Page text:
Pennsylvania: CSF Hosts Policy Forum on Fisheries Management Priorities

By Joseph Mullin, New England States Coordinator

On September 22, members the Congressional Sportsmen Foundation (CSF) States Program Team hosted state legislators, state agency officials, commissioners, and industry partners in Erie, Pennsylvania for a dinner and policy forum focused on fisheries management priorities in the Great Lakes.

Attendees included: Don Williams of Pennsylvania Governor Tom Wolf’s Advisory Council on Hunting, Fishing and Conservation; the Erie Steelhead Association; the Lake Erie Charter Boat Association; Michigan Legislative Sportsmen’s Caucus Members Senator Darwin Booher, Representative Leslie Love, and Representative David Maturen; Pennsylvania Legislative Sportsmen’s Caucus Member Representative Patrick Harkins; Pennsylvania B.A.S.S. Nation; Representative Kent Smith (OH) and the SONS (Save Our Native Species) of Lake Erie.

The forum kicked off with a presentation on Lake Erie Fisheries Management by Chuck Murray, Lake Erie Fisheries Management Unit Leader for the Pennsylvania Fish and Boat Commission. The discussion centered on fisheries management cooperatives, catch and harvest rate surveys, stocking programs, and restoration initiatives.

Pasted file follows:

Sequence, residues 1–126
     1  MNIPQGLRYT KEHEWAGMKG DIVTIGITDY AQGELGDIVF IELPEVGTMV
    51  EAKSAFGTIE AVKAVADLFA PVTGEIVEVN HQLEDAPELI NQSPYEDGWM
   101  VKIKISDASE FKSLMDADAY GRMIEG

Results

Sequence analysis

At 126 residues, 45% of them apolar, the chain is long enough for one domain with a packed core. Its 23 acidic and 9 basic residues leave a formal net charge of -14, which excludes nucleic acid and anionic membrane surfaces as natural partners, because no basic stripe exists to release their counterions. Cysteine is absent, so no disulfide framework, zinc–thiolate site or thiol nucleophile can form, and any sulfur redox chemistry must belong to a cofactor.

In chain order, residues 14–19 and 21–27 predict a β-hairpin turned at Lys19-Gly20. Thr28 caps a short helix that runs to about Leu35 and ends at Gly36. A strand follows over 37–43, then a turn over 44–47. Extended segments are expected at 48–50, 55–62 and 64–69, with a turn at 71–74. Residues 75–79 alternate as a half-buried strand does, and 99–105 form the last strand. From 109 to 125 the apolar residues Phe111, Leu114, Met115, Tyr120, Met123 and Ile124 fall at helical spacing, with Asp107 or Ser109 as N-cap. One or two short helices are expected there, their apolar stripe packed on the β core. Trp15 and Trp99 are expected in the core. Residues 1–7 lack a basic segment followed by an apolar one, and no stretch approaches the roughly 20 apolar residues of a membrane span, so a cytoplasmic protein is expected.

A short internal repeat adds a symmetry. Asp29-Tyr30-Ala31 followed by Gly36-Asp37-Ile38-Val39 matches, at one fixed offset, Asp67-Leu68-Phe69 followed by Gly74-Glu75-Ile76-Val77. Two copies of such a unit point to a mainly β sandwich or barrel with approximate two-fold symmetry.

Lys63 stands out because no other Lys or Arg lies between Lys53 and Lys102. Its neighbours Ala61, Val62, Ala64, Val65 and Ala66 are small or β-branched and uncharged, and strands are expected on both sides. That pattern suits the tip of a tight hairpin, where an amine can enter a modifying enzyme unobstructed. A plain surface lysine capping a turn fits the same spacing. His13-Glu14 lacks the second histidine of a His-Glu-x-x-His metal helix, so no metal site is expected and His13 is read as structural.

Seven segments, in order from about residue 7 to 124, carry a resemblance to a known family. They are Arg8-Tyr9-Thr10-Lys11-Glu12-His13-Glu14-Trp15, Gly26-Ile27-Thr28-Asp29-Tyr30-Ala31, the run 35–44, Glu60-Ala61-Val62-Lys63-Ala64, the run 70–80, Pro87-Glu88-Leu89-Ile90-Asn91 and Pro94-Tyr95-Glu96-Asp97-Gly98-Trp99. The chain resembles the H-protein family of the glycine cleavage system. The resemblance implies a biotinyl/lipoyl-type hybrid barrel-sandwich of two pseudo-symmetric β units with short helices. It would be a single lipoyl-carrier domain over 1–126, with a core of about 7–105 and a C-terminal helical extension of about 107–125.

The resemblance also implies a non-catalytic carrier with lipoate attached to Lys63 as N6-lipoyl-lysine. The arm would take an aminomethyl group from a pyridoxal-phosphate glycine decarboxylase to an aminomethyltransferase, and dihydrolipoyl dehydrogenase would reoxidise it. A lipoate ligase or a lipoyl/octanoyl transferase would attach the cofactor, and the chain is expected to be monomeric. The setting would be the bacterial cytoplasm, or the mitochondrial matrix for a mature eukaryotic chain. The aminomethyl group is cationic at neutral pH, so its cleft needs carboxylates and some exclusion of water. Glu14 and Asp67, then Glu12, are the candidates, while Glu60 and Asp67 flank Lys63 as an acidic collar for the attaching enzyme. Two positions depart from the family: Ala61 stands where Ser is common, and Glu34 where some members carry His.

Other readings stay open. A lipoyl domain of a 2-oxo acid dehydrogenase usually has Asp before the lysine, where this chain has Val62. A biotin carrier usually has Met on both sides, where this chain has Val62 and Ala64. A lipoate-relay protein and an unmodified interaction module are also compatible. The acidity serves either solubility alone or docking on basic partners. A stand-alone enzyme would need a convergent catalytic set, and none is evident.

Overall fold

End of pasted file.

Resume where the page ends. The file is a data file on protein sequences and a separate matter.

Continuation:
Vice President of State Government Affairs for the National Marine Manufacturers Association (NMMA) David Dickerson then provided a boating industry update. The presentation offered a brief introduction to NMMA, marine manufacturing, the recreational boating industry, and recreational boater education and advocacy efforts in the United States. A top NMMA priority is to combat aquatic invasive species challenges at regional and state levels.

Trout Unlimited’s Great Lakes Organizer Taylor Ridderbusch delivered the final presentation on the ecologically detrimental effects grass carp can impose on native aquatic vegetation and the species that rely on the availability of such vegetation. Ridderbusch stated, “Fish habitat and waterfowl production areas are at risk due to the impacts of grass carp. Hunters and anglers spend more than $13.8 billion annually on their sports in the Great Lakes. A reduction of waterfowl and sportfish populations would decrease the economic value to communities that benefit from sportsmen and women.”

Event sponsors included: Ducks Unlimited, the Great Lakes Fishery Commission, Michigan United Conservation Clubs, National Marine Manufacturers Association, National Wildlife Federation, Shimano American Corporation, St. Croix Rods, and Trout Unlimited.

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